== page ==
Tape: 7 Story: 7 - Joseph A. De Laine, Jr. talks about helping others in nonconventional ways

Tape: 7 Story: 8 - Joseph A. De Laine, Jr. narrates his photographs

DASession

1$1

DATape

5$3

DAStory

3$6

DATitle
Joseph A. De Laine, Jr. describes his father's escape to New York State
Joseph A. De Laine, Jr. talks about the black community's commitment to education
Transcript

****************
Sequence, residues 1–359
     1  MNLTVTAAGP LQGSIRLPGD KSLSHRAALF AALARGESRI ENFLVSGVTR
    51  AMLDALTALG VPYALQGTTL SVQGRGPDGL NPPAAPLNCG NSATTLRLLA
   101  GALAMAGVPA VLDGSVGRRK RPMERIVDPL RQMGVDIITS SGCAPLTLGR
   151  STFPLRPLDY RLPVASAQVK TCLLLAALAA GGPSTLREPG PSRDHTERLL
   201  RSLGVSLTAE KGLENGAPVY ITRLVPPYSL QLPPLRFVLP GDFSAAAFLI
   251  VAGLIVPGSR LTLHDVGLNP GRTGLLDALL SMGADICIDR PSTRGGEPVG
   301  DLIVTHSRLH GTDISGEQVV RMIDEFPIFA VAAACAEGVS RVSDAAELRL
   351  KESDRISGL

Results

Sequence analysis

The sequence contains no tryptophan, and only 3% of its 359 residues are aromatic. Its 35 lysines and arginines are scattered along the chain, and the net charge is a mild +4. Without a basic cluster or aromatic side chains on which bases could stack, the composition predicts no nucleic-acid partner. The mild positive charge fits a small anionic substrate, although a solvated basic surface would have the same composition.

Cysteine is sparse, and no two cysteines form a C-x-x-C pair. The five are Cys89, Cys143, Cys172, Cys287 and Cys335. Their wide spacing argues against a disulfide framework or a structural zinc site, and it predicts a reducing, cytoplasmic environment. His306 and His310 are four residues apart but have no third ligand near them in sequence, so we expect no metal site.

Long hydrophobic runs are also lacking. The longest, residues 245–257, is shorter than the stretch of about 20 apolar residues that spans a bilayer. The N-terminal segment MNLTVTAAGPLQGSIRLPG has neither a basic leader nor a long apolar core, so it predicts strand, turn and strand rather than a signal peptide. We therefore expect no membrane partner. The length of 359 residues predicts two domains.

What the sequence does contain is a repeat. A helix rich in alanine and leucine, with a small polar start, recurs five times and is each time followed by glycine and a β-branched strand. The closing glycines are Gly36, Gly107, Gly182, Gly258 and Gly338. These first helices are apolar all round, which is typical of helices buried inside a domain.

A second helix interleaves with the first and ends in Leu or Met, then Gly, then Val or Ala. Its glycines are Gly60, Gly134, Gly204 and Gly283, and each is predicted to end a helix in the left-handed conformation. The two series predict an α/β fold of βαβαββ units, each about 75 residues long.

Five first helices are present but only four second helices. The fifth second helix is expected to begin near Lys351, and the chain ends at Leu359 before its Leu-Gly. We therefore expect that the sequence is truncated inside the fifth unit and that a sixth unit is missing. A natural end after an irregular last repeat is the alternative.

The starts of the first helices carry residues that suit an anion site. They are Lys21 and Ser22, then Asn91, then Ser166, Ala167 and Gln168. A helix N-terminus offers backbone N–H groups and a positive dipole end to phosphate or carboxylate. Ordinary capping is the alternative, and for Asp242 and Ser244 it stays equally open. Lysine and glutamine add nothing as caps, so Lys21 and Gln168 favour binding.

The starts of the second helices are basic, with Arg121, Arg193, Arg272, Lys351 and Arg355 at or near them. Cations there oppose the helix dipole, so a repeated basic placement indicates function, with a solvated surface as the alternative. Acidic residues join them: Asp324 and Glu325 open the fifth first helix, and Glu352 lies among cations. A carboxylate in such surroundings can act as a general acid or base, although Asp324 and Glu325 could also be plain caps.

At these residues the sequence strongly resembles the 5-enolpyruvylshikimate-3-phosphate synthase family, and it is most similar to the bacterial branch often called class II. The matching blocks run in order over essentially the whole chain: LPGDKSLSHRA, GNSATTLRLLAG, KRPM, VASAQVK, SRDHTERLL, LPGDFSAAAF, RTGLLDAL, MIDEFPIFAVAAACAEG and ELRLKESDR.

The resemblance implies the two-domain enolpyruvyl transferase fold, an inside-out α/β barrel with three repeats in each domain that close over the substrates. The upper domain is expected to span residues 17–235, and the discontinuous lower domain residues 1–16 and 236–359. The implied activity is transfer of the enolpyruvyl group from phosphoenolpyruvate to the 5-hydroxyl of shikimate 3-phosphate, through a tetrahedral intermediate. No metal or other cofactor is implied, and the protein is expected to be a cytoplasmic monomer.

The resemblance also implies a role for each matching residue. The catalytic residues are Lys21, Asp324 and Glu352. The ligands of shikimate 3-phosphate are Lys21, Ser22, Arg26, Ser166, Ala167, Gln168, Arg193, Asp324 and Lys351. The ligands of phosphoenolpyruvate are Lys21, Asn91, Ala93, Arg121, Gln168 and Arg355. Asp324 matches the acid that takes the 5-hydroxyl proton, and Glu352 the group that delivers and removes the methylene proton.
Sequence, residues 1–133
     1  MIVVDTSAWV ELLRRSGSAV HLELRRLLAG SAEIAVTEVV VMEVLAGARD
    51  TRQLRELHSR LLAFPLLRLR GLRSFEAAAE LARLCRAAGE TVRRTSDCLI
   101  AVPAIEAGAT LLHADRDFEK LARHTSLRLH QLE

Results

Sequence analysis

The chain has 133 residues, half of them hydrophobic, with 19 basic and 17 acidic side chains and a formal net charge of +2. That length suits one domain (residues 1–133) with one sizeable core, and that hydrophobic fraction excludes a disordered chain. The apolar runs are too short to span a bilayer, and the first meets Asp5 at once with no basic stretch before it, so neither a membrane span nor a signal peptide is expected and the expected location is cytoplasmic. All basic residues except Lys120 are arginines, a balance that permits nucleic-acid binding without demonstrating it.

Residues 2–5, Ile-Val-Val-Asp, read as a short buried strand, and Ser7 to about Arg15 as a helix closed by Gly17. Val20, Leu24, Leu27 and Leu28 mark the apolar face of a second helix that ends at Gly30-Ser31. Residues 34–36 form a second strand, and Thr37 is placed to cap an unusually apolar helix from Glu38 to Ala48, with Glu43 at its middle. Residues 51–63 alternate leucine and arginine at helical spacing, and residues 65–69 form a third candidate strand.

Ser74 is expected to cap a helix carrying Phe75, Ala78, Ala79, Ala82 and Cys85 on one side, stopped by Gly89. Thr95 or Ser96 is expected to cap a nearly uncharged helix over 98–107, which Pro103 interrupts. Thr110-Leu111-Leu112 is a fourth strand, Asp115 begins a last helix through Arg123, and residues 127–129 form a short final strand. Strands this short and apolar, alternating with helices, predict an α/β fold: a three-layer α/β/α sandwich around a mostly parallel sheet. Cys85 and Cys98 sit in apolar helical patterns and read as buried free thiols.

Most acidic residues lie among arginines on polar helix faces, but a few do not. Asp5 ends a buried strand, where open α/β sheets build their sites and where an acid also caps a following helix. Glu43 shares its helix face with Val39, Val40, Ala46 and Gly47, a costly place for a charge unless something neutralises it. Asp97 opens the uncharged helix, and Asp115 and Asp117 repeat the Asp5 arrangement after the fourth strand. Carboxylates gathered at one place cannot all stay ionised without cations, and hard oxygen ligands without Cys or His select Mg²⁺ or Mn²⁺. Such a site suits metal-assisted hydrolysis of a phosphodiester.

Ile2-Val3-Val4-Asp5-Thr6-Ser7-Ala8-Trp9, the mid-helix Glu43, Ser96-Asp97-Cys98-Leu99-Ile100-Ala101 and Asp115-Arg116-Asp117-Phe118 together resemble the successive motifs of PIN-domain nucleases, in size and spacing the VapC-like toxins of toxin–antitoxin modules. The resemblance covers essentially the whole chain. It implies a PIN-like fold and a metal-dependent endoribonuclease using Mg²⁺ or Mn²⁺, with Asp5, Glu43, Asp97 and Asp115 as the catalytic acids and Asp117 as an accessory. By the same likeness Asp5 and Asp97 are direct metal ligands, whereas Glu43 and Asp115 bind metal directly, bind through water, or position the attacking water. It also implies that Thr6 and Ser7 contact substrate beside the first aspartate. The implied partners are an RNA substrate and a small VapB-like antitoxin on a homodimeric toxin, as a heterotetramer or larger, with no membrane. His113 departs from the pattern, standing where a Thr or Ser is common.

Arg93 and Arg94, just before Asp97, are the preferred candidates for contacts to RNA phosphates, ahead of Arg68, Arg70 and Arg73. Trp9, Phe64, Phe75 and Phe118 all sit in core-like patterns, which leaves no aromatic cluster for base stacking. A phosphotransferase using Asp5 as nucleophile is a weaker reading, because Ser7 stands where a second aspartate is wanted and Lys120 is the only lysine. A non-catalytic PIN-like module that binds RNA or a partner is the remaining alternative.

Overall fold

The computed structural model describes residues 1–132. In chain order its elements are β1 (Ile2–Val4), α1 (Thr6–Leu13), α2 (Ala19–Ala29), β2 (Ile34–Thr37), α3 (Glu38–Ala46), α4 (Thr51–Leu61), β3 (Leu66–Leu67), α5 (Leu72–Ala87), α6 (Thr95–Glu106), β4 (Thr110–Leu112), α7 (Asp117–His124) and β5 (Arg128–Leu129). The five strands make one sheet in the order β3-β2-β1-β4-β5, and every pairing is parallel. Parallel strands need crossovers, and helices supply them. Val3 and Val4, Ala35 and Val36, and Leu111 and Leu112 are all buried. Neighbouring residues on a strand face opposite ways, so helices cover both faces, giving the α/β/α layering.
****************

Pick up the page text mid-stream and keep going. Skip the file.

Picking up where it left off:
And he went back to Lake City [South Carolina], and--no, no, no, no, no--before he got back to Lake City on the sixth day or something like this, of the letter, the church [Greater St. James African Methodist Episcopal Church, Lake City, South Carolina] was destroyed by arson. Then on the tenth day, which is after he returned because he said he wasn't going anywhere, there was a shootout at midnight. And, so, the third time of the shootout, he started shooting back and nobody knows what happened. It is said--the papers admit that there were three people injured. The grand jury report says five people were injured by him. The local people says that one police officer had a funeral. Now, we don't know what happened, but he fled that night to a town about forty miles away, and escaped the next day to New York State. Someone came back and got my mother [Mattie Belton De Laine]. And the family who lived next door were members of his church, and also the aunt of [HistoryMaker] Ossie Davis, Ossie Davis' mother's sister. They are the ones who protected my mother that night. And her name--all I know is his name was Webb, his first name W-E-B-B, Eady [ph.], and she was Viola Eady [ph.]. The arrangement for his getting out of the state was, I guess, masterminded by an Attorney Williams [ph.] in Florence [South Carolina] and a Mr. Guile, G-U-I-L-E. I can't think of their first names. Guile's wife is still alive. But, they went back and got my mother and smuggled him into Charlotte [North Carolina]. My uncle lived next door and one lived up the street, and they stopped up the street and made arrangements for him to take a plane that night out of here. And, the problem was, they weren't sure where to go. He first took a flight--he took a flight to Washington, D.C. Now, of course, he was on his own at that point, and when he got in Washington he called his cousin, and his cousin said, "No, this is worse than being in Mississippi, so let's get out of here right now." So, my father [Joseph A. De Laine, Sr.] took a cab to his house and they jumped in his car and they started heading north, and ended up in New York. That's how he ended up there. And, the State of South Carolina attemp- they appealed to the attorney general at that time, which was Richard Brownell [sic. Herbert Brownell, Jr.] and to Eisenhower [President Dwight David "Ike" Eisenhower], to invoke the federal fugitive act [Fugitive Felon Act], to return him, and that was denied because my father had let them know exactly where he was every step of the way.$$But, he'd been writing the FBI [Federal Bureau of Investigation] for years, documenting the situation?$$That's right, right. And then after that in the State of New York, before South Carolina even got to the point of asking for extradition, the State of New York reviewed the case, and determined that they would not honor any extradition, so that's what kept him safe in New York State. Now, they moved back--they moved here in 1971.$$To Charlotte, North Carolina?$$To Charlotte, to this house, because my father knew that he was not probably going to live very long and he wanted to get my mother close to family members, an uncle--a brother next door, and one up the street. So, that's why they came here. But he at that time did not have a safety clearance for his legal problems, but it was ignored in the State of North Carolina, and the warrant for his arrest in South Carolina existed until the year 2000, which was twenty-six years after his death, before it was lifted.$So what happened after that lawsuit [Levi Pearson v. Clarendon County and School District No. 26] was dismissed?$$When that lawsuit was dismissed, they then decided that we don't want to drop this battle, that we want a case that will do something to improve the situation for our children, so we're going to ask NAACP [National Association for the Advancement of Colored People] to sponsor something that will force some improvements in the schools. We don't know what it is, but we want improvement.$$So, the focus went beyond just busing. Extended to education?$$The focus all along was on education. You're getting a situation where I'm sure that most of these people did not envision what they were leading up to. I'm not too sure my father [Joseph A. De Laine, Sr.] envisioned the whole thing at first. But, we're looking at a situation that is intolerable, a situation where our children are not getting their education, a situation where the parents of that era--and I'm amazed that they're so different than the parents of today, but I remember talking to people and people would tell me, "Look, I wash clothes and I don't want my children washing clothes for a living, so I want them to get an education, and I want to make sure that they can get it right here." That was the kind of expectation and tenacity that I saw as a young man at that time in those people. And, I didn't get that from one, I got that from all. Now, people will say--we talk today about our platitudes of Uncle Toms and all this business--half of the people that we labeled as Uncle Toms weren't Uncle Toms. I talked with a lady, not a girl, she's my age, not too long ago. Her daddy was a bootlegger in town. And, he kept his name as far away from all this stuff as possible. She's a Ph.D. and her husband's a Ph.D. I was talking to her and she says, "Well, he couldn't afford to because the only way he knew how to make a living was this." But, all of his children are educated and if we go back and look then--$$What was his name?$$Smith, we called him Monkey Smith [ph.], I don't know if they want that publicized or not. Anyway, but if we go back and look at then, money was being slid under the table for the movement from him all along.